Just an update on my clock. It appears that I managed to solve the problem with the "locking up". The movement was screwed in a little too high, so the silent lever could not release the chiming flirt completely. Some how that causes the mechanism to lock up.

Now I have a new problem. The chime cannot last the whole week when fully wound. It would stop chiming after about 4 days, even when the spring is half full and feels quite tight when winding it. I noticed that the spring makes an occasional "clunk" sound when clock is chiming. I added more oil to the spring but it didn't help. I tried greasing the spring 1st then oiled it even, but that didn't help either.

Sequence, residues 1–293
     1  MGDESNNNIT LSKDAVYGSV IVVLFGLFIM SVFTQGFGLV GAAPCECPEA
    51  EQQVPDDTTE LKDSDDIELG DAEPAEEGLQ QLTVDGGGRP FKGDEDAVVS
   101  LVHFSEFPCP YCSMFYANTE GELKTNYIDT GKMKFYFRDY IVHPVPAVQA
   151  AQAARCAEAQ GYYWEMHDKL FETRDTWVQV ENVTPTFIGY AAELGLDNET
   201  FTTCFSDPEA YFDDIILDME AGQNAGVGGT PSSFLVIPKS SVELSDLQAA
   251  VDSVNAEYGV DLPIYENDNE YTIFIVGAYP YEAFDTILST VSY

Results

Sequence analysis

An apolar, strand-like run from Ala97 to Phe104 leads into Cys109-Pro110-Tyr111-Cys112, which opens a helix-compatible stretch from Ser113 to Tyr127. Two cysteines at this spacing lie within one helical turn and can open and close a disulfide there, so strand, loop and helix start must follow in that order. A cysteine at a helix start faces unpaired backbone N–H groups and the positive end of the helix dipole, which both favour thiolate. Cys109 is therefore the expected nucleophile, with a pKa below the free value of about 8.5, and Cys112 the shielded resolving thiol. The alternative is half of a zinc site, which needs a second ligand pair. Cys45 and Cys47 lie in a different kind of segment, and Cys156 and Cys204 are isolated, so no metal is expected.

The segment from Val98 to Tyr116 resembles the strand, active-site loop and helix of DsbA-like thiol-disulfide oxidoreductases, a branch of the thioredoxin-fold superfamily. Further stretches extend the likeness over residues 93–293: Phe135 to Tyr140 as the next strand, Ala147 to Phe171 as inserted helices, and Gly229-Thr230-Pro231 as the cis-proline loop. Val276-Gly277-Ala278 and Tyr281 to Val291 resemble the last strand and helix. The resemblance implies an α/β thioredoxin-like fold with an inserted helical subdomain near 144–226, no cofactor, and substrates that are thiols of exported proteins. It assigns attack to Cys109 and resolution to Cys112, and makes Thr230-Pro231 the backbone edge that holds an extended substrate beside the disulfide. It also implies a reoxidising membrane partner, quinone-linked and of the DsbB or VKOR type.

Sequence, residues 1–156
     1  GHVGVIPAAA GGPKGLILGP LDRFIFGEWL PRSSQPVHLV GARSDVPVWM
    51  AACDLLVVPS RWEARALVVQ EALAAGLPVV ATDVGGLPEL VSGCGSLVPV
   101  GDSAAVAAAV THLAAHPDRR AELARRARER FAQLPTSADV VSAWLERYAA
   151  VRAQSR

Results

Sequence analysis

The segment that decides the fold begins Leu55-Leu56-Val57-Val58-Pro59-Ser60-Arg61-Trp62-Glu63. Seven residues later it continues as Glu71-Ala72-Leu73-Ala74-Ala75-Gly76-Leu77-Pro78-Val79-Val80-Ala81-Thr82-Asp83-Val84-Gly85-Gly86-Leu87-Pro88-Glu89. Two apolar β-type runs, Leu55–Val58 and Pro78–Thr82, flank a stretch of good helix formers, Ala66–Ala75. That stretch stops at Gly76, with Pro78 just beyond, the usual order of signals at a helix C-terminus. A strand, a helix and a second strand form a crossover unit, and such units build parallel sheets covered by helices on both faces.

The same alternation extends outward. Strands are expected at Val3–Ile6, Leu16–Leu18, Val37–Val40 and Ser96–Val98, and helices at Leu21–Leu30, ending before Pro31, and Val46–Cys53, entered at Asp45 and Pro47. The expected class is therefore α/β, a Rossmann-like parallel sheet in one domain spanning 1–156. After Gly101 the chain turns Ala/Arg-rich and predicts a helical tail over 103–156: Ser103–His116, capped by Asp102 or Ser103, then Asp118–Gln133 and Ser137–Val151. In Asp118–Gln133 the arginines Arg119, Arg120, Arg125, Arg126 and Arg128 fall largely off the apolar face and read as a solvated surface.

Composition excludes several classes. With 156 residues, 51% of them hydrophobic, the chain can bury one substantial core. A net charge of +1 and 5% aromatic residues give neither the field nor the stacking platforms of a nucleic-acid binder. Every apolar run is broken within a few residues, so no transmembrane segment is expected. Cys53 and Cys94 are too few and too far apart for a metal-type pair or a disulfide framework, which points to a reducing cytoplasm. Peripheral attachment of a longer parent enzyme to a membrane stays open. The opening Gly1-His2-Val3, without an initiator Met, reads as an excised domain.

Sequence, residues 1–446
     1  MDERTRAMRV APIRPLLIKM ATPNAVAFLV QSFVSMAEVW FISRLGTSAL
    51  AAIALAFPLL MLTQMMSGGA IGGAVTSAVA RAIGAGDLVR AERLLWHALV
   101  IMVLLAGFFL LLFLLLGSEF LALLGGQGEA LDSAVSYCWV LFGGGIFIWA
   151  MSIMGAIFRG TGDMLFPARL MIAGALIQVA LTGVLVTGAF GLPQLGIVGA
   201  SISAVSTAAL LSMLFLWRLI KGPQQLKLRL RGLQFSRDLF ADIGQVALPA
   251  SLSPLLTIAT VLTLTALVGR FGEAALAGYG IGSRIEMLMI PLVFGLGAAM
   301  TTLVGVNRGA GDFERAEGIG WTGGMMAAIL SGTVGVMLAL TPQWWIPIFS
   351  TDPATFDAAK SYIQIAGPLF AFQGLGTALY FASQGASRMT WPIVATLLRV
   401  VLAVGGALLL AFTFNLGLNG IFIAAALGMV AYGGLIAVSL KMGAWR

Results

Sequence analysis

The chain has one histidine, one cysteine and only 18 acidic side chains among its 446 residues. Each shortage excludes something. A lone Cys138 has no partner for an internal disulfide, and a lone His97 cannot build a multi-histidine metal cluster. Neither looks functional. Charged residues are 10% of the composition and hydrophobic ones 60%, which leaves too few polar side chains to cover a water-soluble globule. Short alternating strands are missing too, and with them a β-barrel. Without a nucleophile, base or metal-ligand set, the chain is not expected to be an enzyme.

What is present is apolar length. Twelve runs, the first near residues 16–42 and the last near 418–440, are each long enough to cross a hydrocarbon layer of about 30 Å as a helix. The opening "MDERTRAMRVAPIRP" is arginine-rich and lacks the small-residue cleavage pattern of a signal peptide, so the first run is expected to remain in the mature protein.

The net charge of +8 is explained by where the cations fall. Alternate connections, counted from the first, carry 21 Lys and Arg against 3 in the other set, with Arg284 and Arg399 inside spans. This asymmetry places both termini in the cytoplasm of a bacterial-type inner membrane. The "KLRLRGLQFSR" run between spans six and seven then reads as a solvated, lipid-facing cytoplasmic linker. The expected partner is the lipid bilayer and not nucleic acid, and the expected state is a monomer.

I removed the barrel cover and watch the spring as I wound and released it in my mainspring winder. The spring would twist and wiggle a bit and I suspect that causes the spring to rub against the cover and barrel.

Is there any way to solve this? Would changing a new spring help?

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That is typical behavior of a spring at some time of being removed with out using a mainspring winder, it becomes out of shape in the barrel when it is wound up. A new spring will sort this out. 

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7 hours ago, HectorLooi said:

Thank OH. I just can't imagine what brave soul would pull a mainspring out of its barrel by hand.

I'll probably change all 3 springs just to be safe.

Not by hand but with a pair of pliers.  

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8 hours ago, oldhippy said:

Not by hand but with a pair of pliers.  

Still a brave soul.  Or an obliviously bold one.  Having a violin string break at the far end and put a nifty scar on my forehead gave me an education on what some materials under tension can accomplish if things go wrong.